Saturday, May 15, 2010

Duty Officer's Log - A Poem

Today I feel like digressing from my usual posts about the many facets of personal strength. Today, a poem.

If you've followed this blog, you know that in a previous life I was a career Army officer. I may have also mentioned along the way that I wrote poetry as a young man. Some of it was published. I continued to write poetry even during my assignment to the English Department at West Point in the early 1970s.

Shortly after that, I gave it up. It was a time of change and confusion in American culture, and poetry seemed to be losing its way as an art form. Back then, you could write anything, arrange it in lines and people would uncritically accept it as poetry. In fact, it was considered politically incorrect to declare that someone's heartfelt composition was or was not poetry. And now after decades of this "anything goes" approach to art, it seems to me that poetry is now dead. No one publishes it. No one buys it. And no one reads it. Except the poets themselves, that is. And of course all those people who still write brief expressions arranged in lines and think of it as poetry.

Don't get me started or I might tell you what I really think.

One of the last poems I wrote back then was an experiment in form. I called it "Duty Officer's Log." For those of you who aren't familiar with how the military works, the duty officer is the official representative of the commander after hours. The responsibility rotates among commissioned officers on staff. The duty officer takes his post in the headquarters, where he spends the night, ready to handle whatever comes up. In my past life as a career Army officer, I pulled my share of tours.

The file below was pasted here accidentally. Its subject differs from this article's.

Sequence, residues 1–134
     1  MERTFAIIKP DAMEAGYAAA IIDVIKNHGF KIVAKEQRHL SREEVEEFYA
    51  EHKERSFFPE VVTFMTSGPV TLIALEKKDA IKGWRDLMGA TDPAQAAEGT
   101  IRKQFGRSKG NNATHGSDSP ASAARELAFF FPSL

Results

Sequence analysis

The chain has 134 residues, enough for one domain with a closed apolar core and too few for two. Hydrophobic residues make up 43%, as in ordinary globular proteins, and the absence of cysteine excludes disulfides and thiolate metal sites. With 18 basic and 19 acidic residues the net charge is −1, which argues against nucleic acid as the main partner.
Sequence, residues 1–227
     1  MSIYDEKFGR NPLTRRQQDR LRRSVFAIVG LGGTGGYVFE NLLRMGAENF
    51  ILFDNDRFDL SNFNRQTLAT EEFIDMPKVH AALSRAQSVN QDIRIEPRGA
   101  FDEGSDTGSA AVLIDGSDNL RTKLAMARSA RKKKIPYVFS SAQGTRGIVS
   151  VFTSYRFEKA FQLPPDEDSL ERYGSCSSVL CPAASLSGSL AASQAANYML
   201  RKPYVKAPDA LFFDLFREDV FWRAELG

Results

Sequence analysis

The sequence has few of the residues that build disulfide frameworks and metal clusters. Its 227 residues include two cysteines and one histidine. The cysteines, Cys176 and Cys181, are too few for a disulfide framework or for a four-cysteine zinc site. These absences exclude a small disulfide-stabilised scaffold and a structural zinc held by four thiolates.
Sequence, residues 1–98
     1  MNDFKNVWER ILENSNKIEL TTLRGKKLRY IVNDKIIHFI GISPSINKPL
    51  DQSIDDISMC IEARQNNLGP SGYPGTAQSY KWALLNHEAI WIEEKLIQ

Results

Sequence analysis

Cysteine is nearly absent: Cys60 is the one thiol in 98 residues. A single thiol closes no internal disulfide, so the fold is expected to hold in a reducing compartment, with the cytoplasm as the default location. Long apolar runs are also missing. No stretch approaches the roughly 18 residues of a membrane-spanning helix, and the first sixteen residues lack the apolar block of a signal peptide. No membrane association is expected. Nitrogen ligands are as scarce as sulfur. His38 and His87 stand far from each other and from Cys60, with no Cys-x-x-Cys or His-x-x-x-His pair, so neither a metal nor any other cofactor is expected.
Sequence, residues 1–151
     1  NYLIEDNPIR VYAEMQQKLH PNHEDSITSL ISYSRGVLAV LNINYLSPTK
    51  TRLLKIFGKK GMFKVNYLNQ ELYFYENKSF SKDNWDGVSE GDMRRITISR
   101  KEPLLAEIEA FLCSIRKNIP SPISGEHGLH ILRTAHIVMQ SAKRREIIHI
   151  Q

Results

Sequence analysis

When I wrote this poem many years ago, I wanted the subject matter to direct the form. The structure was suggested by the duty officer's log itself, an official paper form with spaces to make a record of what happens during the night.


1. The Duty Officer sits alone in an empty headquarters building.

2. He waits for the phone to ring.

3. He waits in dread of urgent messages, threats against silence.

4. The Duty Officer makes entries in his log.

5. While performing his duties, he listens to the evening news.

6. The President is in Martinique holding talks.

7. The Russians have violated the Arms Agreement.

8. A family of four has been murdered.

9. A topless dancer has been arrested for dancing bottomless.

10. A multi-billionaire has agreed to testify in court.

11. No explanation is offered for any of these events.

12. The Duty Officer is responsible for security.

13. He boards the elevator, rides it down, down.

14. He has forgotten there are so many depths.

15. When the door opens, he does not recognize the dim, lifeless halls.

16. But the Duty Officer means business.

17. He looks into every corner.

18. He tests every door.

19. He extinguishes every light on his way back to the elevator.

20. The Duty Officer turns the final corner and senses that he is lost.

Post by Dennis E. Coates, Ph.D., Copyright 2010. Building Personal Strength .

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